Almost immediately after his arrest, Kevin and Melissa brought this multi-count, multi-party lawsuit under 42 U.S.C. § 1983 and Illinois law, claiming that Will County detectives Edward Hayes, Michael Guilfoyle, Scott Swearengen, Brad Wachtl, John Ruettiger (who died before the trial), and several other parties who have since settled or been dismissed from the suit, arrested and prosecuted Kevin without probable cause and in violation of his due process rights. The complaint also includes counts of conspiracy, false imprisonment, intentional infliction of emotional distress (IIED), and (for Melissa) loss of consortium. It sought both compensatory and punitive damages. Three years and multiple dispositive motions later, the case went to trial. After six weeks, the jury returned verdicts in favor of the Foxes against the five named defendants on all but the conspiracy and false imprisonment claims.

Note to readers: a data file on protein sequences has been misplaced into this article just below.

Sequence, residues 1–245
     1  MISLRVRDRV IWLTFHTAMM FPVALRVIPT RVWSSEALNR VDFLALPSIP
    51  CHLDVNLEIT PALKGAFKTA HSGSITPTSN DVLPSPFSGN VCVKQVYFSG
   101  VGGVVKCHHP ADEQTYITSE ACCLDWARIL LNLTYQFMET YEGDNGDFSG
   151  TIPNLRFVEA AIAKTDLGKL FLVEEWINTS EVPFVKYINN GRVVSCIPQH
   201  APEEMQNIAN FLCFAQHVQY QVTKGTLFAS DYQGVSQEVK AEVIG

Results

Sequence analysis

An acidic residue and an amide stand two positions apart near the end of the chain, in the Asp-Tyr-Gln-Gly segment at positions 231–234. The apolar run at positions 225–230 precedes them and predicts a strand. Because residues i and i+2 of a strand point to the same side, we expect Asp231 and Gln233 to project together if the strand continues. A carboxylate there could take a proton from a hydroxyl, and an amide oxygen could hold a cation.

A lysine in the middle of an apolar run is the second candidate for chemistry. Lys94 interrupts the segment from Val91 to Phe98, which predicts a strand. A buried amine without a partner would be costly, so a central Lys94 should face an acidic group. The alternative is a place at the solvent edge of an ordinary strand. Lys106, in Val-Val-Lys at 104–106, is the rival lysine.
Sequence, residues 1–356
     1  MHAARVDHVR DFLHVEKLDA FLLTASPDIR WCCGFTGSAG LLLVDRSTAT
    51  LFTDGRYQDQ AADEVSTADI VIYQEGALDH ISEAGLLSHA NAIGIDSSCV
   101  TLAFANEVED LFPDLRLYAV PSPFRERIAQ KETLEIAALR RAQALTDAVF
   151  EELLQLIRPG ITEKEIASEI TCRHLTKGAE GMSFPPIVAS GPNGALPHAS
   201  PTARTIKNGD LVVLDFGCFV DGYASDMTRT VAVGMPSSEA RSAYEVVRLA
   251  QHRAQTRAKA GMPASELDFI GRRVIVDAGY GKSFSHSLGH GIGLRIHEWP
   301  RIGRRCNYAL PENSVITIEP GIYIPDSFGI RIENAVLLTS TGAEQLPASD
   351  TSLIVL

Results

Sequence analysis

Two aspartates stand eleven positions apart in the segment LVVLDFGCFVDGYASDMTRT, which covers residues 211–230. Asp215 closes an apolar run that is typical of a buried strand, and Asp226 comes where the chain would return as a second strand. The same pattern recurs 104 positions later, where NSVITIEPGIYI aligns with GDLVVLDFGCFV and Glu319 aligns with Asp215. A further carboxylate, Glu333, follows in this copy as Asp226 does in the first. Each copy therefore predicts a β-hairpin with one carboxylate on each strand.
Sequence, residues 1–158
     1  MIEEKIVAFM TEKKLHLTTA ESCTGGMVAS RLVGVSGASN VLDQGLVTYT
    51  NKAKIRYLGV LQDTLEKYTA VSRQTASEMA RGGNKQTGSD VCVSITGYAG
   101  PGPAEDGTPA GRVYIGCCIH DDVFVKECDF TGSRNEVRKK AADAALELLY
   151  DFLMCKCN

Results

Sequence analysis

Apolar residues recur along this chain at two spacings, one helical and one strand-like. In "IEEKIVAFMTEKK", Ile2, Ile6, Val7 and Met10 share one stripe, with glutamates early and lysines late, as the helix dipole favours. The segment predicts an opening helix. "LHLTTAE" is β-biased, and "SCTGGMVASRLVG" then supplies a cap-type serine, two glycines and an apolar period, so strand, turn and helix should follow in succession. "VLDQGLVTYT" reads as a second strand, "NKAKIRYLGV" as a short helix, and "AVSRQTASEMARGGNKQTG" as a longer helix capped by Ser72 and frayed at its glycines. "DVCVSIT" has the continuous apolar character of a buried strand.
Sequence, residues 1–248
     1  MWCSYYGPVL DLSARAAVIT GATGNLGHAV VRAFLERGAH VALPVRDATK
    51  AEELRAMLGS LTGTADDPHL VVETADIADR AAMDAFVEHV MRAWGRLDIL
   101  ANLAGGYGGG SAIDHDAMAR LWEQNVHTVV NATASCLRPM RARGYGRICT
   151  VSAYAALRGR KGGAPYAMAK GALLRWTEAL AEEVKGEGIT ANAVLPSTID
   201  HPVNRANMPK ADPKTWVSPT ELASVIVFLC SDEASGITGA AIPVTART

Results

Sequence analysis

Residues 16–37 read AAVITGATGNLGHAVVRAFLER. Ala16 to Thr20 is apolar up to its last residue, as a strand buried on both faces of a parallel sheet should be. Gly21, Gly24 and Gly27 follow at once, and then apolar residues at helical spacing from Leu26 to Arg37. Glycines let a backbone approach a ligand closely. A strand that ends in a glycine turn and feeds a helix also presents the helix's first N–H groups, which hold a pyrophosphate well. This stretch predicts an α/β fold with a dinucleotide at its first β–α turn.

In its assessment of damages, the jury's verdict in favor of Kevin looked like this:

                                Due      False     Malicious              Punitive
                Defendant     Process    Arrest   Prosecution    IIED     Damages     Totals
                Hayes         500000     500000      300000      500000   1500000    3300000
                Swearengen    500000     500000      300000      500000   1500000    3300000
                Guilfoyle     300000     500000        0         200000    400000    1400000
                Wachtl        300000     100000        0         200000    100000     700000
                Estate of     100000     100000        0         200000    200000     600000
                Total        1700000    1700000      600000     1600000   3700000    9300000

On Melissa's claims the jury found: